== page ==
The other thing that we know is very important is the environment. If we take a C57 mouse and raise it differently, we can dial in very different inherent rates of resilience or susceptibility. We know, for example, that early life stress, if it's bad enough, makes a mouse more susceptible. On the other hand, if we just handle the mice and subject them to a milder level of stress, they become more resilient.

Yet we normally raise our genetically identical test mice as nearly identically as we possibly can. And the differences we observe in resilience and susceptibility are seen within litters, so it's not like one litter is resilient, while one is susceptible. It's something else.

Our hypothesis is that something random occurs during brain development. As 100 billion neurons are born and hundreds of trillions of synaptic connections are made, we think there are random changes that tend to make individuals respond differently to stress. What this random process provides is an ability to generate variability even in with the same genetic constitution and a constant environment.

What’s driving those random changes? We think it's epigenetics, long-lasting modifications to the chemical structure of DNA and the proteins it binds that influence gene expression. We think that as cells divide, the strength of synaptic connections and the potential of different genes to be induced are subjected to random epigenetic modification.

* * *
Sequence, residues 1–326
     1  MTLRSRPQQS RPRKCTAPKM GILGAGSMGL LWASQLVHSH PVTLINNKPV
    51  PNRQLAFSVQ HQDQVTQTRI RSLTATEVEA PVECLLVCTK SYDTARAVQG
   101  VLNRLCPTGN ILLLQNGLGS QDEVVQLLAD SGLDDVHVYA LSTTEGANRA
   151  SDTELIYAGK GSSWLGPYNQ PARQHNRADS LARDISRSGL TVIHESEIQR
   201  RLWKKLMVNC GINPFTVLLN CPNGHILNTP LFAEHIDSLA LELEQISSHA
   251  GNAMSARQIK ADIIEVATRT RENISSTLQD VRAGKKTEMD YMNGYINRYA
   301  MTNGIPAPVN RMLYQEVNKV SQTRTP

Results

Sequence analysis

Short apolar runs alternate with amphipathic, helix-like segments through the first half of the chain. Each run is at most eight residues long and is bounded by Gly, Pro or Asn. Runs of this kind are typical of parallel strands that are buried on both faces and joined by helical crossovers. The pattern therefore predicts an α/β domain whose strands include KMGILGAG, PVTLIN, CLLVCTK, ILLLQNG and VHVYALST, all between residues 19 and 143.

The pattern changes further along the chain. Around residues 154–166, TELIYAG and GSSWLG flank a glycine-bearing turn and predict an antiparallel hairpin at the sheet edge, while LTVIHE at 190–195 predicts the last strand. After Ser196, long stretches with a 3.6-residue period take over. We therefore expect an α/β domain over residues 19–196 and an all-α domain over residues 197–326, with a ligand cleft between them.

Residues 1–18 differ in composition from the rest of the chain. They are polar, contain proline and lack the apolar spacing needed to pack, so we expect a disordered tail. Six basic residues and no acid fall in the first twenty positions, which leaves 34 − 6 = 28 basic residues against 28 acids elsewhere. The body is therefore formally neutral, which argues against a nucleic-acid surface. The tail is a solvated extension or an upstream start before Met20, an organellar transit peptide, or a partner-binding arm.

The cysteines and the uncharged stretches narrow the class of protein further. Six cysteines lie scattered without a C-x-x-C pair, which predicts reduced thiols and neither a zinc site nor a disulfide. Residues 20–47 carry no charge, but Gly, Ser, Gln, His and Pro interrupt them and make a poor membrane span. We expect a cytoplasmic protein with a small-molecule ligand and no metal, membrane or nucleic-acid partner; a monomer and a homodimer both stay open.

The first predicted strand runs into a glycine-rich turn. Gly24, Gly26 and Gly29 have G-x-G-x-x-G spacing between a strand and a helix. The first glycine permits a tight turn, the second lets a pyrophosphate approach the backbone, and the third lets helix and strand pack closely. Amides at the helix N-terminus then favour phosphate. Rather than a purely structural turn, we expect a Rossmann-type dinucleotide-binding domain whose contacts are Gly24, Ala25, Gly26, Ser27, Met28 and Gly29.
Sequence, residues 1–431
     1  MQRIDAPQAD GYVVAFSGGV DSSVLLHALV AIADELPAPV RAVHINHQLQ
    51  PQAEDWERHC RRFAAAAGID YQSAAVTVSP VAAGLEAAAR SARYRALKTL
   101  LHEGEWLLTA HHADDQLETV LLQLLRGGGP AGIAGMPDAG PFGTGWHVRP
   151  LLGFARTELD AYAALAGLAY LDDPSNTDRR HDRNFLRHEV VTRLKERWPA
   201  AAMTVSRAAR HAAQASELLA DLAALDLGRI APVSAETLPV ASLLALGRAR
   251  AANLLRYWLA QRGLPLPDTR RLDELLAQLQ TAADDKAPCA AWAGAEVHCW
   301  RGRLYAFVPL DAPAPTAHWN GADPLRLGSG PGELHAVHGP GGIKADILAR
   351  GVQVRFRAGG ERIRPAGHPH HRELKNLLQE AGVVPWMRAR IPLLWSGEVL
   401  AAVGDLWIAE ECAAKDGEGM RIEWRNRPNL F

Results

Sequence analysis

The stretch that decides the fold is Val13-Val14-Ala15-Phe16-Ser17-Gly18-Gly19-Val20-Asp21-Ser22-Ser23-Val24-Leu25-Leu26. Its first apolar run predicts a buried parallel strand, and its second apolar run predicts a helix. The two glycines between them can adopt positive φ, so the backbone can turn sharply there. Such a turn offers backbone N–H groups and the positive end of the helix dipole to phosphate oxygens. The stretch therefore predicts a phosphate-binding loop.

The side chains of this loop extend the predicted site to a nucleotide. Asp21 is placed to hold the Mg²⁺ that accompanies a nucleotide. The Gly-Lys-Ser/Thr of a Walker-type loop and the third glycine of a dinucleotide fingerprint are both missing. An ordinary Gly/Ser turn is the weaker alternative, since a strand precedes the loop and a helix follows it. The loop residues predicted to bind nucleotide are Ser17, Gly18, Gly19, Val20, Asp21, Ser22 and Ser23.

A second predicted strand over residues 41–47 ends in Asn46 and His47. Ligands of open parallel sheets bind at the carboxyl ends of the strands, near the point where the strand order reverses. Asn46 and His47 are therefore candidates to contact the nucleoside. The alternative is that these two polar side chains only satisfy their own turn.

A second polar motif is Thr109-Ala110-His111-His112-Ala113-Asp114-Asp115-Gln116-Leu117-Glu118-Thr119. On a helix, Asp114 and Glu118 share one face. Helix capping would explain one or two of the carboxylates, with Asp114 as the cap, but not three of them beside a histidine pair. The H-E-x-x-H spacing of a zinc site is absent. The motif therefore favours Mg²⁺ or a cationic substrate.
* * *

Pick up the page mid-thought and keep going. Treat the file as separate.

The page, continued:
Sandra Aamodt: I think of epigenetic modification as being carefully controlled. Is that not right?

Eric Nestler: Much of epigenetic regulation is very carefully controlled, since epigenetics is what mediates the responses of the genome to the surrounding environment. But we know that random processes also occur. For example, the pattern of folds in the cerebral cortex is an example of a random process because even identical twins have different patterns. When the term epigenetics was first introduced, it was represented as a random process, so I think both are occurring.

Sandra Aamodt: There’s a relatively short list of solid epigenetics results in neuroscience, which of course includes your work. Is epigenetics going to turn to be as important as we’re thinking now, or is it hyped?

Eric Nestler: I agree it’s a fad right now. Some people use the term very loosely. But I think epigenetics is going to be huge. It explains how the environment interacts with the genome to produce a response or an adaptation. The effects of stress or drugs of abuse on the brain, and our ability to form long-term memories, as just some examples, all occur by epigenetic mechanisms. Learning the specifics, every gene involved, every chromatin modification involved at that gene, and so on is an important part of delineating how it happens.